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Cannes Lions 2013: Q&A: MailOnline's Sean O'Neal Helps Write New Rules for Content

  |  June 20, 2013   |  Comments

MailOnline aims to take advantage of the surge of interest in content marketing, aka native advertising, helping brands reach consumers on its own addictive site.

MailOnline aims to take advantage of the surge of interest in content marketing, aka native advertising, helping brands reach consumers on its own addictive site.

At this year's Cannes Lions festival, MailOnline publisher Martin Clarke interviewed three of the most popular celebrities in social media: Martha Stewart, Melanie "Scary Spice" Brown, and rapper/TV/radio personality Nick Cannon. They talked about how digital and social media let celebs build and manage their own brands.

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Photo: MailOnline Publisher Martin Clark interviewing Martha Stewart on stage at Cannes Lions.

Sean O'Neal, global CMO for the publisher, was also in Cannes talking up the content marketing opportunities with clients. O'Neal is charged with helping to monetize MailOnline's U.S. traffic of 19.4 million monthly unique visitors. MailOnline is published by Associated Newspapers Ltd. and part of the Daily Mail, the Mail on Sunday, and Metro Media Group. It publishes entertainment, pop culture, and celebrity news, along with lifestyle editorial aimed at women.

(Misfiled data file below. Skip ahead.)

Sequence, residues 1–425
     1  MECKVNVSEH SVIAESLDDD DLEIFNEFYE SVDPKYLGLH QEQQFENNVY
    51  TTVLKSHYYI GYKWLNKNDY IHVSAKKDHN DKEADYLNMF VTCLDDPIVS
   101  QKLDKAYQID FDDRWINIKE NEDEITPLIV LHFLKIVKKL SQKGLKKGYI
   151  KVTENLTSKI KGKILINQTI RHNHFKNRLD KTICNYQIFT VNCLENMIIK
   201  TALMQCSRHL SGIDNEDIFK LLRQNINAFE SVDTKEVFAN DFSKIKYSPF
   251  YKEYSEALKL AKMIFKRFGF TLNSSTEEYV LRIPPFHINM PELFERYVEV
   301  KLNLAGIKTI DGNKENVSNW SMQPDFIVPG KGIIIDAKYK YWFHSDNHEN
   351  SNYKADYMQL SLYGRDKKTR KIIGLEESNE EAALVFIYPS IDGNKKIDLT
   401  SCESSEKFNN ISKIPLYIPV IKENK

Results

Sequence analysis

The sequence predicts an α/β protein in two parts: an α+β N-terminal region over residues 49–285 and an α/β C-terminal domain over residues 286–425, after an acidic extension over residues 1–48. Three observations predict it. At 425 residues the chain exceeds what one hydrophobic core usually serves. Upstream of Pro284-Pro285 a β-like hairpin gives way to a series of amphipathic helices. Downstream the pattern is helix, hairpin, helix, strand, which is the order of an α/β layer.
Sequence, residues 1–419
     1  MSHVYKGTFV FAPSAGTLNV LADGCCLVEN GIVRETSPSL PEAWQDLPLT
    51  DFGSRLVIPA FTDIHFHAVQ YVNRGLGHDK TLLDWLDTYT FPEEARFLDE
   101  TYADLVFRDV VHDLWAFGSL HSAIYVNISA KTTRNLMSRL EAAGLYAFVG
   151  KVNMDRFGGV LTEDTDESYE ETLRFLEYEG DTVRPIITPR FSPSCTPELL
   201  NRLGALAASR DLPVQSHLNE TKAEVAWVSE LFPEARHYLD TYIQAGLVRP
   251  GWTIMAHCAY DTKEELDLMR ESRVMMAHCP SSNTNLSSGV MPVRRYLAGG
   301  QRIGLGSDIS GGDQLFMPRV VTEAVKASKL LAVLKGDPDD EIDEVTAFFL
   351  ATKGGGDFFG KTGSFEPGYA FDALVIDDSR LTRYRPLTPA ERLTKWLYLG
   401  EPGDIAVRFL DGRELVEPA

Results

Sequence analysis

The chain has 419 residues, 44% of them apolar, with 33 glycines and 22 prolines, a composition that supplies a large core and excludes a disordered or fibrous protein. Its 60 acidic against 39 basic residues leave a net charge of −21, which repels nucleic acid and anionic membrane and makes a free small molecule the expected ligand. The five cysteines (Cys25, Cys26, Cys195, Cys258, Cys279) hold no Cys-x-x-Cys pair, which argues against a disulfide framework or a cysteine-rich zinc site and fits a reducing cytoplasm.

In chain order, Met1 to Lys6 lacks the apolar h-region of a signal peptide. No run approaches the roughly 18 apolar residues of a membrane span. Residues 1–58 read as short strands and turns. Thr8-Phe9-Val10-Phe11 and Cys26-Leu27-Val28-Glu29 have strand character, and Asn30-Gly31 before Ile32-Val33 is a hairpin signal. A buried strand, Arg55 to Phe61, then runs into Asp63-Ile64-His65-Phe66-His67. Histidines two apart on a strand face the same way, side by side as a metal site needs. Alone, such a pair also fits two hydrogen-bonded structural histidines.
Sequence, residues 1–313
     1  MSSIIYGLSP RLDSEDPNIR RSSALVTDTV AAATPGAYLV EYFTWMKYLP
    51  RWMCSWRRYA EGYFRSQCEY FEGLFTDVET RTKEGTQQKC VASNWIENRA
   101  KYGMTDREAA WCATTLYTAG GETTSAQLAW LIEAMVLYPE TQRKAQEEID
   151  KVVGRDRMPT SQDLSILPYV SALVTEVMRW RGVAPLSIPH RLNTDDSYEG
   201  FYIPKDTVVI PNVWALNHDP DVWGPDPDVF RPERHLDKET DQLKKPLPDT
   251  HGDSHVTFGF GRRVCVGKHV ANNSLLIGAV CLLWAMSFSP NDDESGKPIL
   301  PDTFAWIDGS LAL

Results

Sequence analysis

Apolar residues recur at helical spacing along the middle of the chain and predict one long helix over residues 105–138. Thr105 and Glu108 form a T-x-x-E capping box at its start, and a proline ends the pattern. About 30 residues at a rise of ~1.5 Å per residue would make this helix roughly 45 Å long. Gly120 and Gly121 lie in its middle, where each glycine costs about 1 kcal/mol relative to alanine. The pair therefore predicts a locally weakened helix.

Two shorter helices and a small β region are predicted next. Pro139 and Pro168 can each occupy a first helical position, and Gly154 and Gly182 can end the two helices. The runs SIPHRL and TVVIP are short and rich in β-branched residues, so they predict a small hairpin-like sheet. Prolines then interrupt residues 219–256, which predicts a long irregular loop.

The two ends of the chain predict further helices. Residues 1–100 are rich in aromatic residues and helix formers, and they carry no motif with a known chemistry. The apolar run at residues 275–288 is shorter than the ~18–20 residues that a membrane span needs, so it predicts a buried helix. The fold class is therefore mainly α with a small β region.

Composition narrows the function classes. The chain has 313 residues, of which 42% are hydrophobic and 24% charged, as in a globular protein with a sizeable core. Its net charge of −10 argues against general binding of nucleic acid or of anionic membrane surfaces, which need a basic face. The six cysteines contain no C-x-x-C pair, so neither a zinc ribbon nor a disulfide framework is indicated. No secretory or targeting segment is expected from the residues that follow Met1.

The publisher recently published a survey of agencies and brands that found that 70 percent of brands and 77 percent of agencies already have engaged in content marketing, while 70 percent overall planned to spend more on it in the coming year.

The brands cited branded content as among the most effective tactics for achieving branding objectives, and 71 percent of agencies said they partner with the publishers that they are buying the media from - good news for MailOnline and other content publishers.

ClickZ caught up with O'Neal via email to discuss the changing role of celebrities in content and media.

ClickZ: How has the relationship between the celebrity and the media changed?

Sean O'Neal: There was a time when celebrities lived in a different world from the rest of us. When you wanted to speak to a star, you had to hang around a film premiere or a stage door. And if the stars wanted to speak to their fans, they had to go through someone like MailOnline to get in the newspaper or on a TV show, with their PR agent to hold their hand. And then they had a 50/50 chance of actually getting the chance to say what they actually wanted to say - and even less chance that it would eventually get printed and broadcast. But that was before the Internet.